Ty Abel
Faculty Member
Last active: 3/27/2014

Cell of origin determines tumor phenotype in an oncogenic Ras/p53 knockout transgenic model of high-grade glioma.

Ghazi SO, Stark M, Zhao Z, Mobley BC, Munden A, Hover L, Abel TW
J Neuropathol Exp Neurol. 2012 71 (8): 729-40

PMID: 22805776 · PMCID: PMC3407564 · DOI:10.1097/NEN.0b013e3182625c02

Human high-grade gliomas (HGGs) are known for their histologic diversity. To address the role of cell of origin in glioma phenotype, transgenic mice were generated in which oncogenic Ras and p53 deletion were targeted to neural stem/progenitor cells (NSPCs) and mature astrocytes. The hGFAP-Cre/Kras/p53 mice develop multifocal HGGs that vary histopathologically and with respect to the expression of markers associated with NSPCs. One HGG pattern strongly expressed markers of NSPCs and arose near the subventricular zone. Additional nonoverlapping patterns that recapitulate human HGG variants were present simultaneously in the same brain. These neoplastic foci were more often cortical or leptomeningeal based, and the neoplastic cells lacked expression of NSPC markers. To determine whether cell of origin determines tumor phenotype, astrocytes and NSPCs were harvested from neonatal mutant pups. Onorthotopic transplantation, early-passage astrocytes and NSPCs formed tumors that differed in engraftment rates, latency to clinical signs, histopathology, and protein expression. Astrocyte-derivedtumors were more aggressive, had giant-cell histology, and glial fibrillary acidic protein expression. The NSPC-derived tumors retained NSPC markers and showed evidence of differentiation along astrocytic, oligodendroglial, and neuronal lineages. These results indicate that identical tumorigenic stimuli produce markedly different glioma phenotypes, depending on the differentiation status of the transformed cell.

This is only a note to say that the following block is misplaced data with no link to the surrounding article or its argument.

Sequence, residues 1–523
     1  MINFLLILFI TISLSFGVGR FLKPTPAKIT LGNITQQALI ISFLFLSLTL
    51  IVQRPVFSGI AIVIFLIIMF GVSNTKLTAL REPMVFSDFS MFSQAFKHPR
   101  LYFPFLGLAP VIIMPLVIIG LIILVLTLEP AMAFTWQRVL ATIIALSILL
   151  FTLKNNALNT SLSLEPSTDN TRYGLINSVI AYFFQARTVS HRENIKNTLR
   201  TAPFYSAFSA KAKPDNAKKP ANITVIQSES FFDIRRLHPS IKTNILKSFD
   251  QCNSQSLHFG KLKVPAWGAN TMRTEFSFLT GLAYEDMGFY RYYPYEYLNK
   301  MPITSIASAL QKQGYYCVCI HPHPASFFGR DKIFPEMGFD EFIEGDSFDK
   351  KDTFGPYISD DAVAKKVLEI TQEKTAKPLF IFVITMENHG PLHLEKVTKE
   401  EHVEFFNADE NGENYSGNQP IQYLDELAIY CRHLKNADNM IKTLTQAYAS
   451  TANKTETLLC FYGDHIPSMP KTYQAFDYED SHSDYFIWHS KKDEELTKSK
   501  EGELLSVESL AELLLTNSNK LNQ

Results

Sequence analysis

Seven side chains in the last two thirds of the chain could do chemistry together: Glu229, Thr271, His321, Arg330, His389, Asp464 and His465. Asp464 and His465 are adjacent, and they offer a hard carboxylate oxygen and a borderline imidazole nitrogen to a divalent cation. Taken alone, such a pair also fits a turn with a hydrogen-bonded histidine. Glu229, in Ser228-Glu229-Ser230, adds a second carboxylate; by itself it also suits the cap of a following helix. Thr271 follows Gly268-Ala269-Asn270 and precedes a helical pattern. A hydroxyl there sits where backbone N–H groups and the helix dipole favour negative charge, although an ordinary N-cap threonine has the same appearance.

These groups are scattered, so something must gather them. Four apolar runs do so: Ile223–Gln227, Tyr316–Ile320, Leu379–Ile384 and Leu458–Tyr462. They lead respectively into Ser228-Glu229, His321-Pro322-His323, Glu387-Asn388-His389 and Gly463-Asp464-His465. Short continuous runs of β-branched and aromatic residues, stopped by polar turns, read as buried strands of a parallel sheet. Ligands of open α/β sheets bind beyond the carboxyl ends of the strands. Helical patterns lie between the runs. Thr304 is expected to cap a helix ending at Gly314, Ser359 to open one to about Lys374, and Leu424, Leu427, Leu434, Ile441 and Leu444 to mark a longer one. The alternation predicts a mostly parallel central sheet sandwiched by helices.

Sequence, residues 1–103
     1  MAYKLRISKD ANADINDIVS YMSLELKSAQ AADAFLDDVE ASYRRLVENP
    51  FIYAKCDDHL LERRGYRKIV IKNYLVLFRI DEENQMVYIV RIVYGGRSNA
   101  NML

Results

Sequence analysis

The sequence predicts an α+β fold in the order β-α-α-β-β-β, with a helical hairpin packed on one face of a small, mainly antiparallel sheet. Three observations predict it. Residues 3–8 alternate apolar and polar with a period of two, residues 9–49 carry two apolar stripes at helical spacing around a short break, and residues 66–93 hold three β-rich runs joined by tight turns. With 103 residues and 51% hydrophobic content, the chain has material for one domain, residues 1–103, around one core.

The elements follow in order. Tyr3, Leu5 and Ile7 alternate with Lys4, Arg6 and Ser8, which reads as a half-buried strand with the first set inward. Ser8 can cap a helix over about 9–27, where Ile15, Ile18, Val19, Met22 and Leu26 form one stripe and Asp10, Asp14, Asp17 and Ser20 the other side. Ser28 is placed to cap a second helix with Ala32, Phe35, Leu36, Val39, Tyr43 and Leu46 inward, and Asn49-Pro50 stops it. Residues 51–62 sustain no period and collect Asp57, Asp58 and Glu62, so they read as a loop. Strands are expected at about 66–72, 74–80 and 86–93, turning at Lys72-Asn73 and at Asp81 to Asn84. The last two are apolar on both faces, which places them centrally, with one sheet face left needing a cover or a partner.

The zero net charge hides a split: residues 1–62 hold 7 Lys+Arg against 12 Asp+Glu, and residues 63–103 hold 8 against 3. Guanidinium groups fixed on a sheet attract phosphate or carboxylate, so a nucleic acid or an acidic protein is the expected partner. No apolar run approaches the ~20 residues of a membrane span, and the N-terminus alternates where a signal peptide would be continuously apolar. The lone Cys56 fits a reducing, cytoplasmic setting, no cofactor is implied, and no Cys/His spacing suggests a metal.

MeSH Terms (18)

Animals Astrocytes Blotting, Western Brain Neoplasms Cell Lineage Fluorescent Antibody Technique Genes, p53 Glial Fibrillary Acidic Protein Glioma Immunohistochemistry Mice Mice, Knockout Mice, Transgenic Neoplasm Transplantation ras Proteins Real-Time Polymerase Chain Reaction Recombination, Genetic Survival Analysis

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